Luca di Montezemolo has hit back at suggestions he was ousted as Ferrari president because of the Italian team's struggles. "A lack of results?" the 67-year-old, who was replaced by Fiat's Sergio Ma...
Luca di Montezemolo has hit back at suggestions he was ousted as Ferrari president because of the Italian team's struggles.
"A lack of results?" the 67-year-old, who was replaced by Fiat's Sergio Marchionne on Monday, reportedly told Italian television Rai on Wednesday.
"Remember that since 1999 we won 14 titles in 15 years.
"Fortunately or unfortunately, sport is not an exact science, and in formula one there are cycles. Ours was very long.
"In the last years we are the team that won the most. In 2008 and in 2010 and 2012 we lost the championship in the last race. The most disappointing was the last one, but that's sport.
"Renault had its cycle for two years, we're coming out of Red Bull's and into Mercedes'.
"Now Ferrari opens a new cycle with a lot of work and investment, taking into account that today's cars are hybrids," he said.
Montezemolo said the most disappointing thing about his departure was the manner in which it took place.
"I've always had a very strong relationship with the Agnelli family," he said, "and I think I did something important in 2004, when I agreed to be chairman of Fiat in extremely dramatic circumstances.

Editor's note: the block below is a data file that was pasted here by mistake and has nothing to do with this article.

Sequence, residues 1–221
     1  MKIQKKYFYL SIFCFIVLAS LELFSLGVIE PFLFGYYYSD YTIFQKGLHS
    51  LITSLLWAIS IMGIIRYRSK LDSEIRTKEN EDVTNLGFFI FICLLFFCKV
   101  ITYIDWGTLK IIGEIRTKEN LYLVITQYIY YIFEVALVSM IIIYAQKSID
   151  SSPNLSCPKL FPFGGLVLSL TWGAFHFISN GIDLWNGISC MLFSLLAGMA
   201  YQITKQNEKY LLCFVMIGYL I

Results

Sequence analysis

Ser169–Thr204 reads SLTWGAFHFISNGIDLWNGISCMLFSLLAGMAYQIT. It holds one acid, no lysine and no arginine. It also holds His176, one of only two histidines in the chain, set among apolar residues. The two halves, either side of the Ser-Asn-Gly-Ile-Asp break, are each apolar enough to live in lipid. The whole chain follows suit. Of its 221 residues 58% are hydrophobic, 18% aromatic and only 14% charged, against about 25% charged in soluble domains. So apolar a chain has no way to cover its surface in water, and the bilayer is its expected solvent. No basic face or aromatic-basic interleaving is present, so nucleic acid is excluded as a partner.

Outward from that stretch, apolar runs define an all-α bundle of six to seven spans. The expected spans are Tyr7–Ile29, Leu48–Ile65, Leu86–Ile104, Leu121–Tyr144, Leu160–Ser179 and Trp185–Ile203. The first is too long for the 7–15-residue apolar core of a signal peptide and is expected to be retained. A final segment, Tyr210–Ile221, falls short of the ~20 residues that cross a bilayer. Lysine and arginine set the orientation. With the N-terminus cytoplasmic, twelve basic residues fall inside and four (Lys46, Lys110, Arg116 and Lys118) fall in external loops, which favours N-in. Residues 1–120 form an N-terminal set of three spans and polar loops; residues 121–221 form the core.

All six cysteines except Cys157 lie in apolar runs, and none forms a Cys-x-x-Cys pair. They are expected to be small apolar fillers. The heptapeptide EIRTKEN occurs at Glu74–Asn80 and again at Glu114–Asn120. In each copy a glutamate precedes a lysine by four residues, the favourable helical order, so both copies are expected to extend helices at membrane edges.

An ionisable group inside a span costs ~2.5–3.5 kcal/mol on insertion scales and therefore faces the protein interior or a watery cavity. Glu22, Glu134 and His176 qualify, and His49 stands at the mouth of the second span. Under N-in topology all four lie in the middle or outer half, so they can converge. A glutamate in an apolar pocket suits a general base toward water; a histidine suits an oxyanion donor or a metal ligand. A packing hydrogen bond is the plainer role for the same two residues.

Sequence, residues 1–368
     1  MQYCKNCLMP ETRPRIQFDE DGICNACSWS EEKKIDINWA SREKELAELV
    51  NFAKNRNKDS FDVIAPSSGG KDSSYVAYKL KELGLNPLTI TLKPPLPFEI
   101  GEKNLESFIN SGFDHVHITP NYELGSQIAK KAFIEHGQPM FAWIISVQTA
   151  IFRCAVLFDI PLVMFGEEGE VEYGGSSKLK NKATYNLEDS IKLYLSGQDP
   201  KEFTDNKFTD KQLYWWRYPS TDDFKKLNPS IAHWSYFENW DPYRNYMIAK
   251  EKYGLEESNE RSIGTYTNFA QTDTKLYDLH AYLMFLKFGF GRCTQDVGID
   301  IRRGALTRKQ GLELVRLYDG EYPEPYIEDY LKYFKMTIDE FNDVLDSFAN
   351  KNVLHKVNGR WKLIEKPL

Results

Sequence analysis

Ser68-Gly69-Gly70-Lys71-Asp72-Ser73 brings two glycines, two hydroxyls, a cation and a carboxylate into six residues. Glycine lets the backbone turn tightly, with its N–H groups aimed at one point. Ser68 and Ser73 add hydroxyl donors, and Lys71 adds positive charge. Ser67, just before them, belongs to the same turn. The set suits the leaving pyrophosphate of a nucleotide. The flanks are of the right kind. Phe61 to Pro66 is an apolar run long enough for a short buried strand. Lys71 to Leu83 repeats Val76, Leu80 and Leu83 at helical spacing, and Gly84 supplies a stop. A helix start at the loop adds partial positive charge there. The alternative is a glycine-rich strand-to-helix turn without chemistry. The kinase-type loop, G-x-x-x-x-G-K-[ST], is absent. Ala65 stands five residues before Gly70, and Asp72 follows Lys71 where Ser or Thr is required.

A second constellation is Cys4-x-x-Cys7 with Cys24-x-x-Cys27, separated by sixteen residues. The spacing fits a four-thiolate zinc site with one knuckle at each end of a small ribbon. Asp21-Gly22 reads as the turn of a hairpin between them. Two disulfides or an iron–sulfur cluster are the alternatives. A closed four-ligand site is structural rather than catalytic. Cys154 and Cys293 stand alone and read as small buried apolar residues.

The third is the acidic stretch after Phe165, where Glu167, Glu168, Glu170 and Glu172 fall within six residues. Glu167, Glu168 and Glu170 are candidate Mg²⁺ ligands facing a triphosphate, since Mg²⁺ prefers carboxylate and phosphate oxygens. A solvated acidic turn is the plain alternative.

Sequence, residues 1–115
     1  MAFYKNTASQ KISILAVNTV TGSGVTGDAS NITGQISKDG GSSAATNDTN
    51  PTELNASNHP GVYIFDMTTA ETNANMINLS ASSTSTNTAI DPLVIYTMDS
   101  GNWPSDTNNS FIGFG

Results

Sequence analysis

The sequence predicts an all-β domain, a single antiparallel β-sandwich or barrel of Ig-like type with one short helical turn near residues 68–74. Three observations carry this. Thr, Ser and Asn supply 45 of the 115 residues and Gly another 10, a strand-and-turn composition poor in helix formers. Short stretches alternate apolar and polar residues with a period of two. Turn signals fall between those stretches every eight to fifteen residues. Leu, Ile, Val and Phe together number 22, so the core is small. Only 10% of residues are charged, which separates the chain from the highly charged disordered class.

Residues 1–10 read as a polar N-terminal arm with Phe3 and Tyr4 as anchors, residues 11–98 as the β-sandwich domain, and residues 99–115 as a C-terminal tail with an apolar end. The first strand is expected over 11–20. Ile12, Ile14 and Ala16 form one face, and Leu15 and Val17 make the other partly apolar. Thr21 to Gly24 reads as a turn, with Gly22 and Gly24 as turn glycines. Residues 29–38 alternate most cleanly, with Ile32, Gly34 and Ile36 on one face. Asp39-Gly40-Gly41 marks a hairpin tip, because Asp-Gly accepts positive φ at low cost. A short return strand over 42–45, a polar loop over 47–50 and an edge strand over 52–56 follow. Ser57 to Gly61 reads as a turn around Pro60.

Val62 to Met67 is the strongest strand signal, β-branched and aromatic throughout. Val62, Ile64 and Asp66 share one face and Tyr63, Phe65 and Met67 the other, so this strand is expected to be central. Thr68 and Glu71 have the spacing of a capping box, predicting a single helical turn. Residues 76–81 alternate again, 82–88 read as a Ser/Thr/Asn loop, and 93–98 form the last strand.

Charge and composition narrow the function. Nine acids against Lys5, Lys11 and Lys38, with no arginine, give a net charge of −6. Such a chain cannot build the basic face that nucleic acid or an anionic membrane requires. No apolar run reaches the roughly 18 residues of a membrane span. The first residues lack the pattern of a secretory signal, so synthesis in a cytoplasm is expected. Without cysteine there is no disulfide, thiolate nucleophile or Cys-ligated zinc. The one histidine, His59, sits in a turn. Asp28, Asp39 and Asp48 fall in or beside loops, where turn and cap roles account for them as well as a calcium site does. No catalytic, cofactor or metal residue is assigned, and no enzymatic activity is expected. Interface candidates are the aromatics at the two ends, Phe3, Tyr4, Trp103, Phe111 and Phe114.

"Perhaps a 'thank you' in the least would have been expected.
"I do not hide that I was not very pleased about how, but it is part of life and it is right that it is the owner who can make decisions," Montezemolo added.
He explained that his removal as president was related to parent group Fiat-Chrysler's debut on the New York stock exchange.
"Everything happened a little fast in relation to the listing of Fiat-Chrysler on the American stock exchange," said Montezemolo, "which happened two days ago.
"There was a need to have Ferrari in a large group and I think this accelerated time a little."
Finally, Montezemolo commented on the accident suffered recently by the critically injured Jules Bianchi.
"We have made tremendous progress with safety. Unfortunately some accidents still happen as was the case with Jules Bianchi, our boy, but the tractor should not have been there," he said.